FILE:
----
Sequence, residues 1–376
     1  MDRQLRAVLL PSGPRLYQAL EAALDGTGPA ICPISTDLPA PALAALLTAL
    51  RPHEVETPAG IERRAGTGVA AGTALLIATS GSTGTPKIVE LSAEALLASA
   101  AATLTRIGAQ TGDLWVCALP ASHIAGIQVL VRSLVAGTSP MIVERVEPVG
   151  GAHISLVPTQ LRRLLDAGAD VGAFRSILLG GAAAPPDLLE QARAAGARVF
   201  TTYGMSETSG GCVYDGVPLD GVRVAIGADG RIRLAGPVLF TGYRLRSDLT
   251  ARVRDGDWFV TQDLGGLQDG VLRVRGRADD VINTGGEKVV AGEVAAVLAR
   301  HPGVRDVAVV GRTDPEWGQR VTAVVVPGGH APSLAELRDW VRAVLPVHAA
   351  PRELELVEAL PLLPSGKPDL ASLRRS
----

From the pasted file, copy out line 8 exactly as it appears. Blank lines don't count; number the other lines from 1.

   301  HPGVRDVAVV GRTDPEWGQR VTAVVVPGGH APSLAELRDW VRAVLPVHAA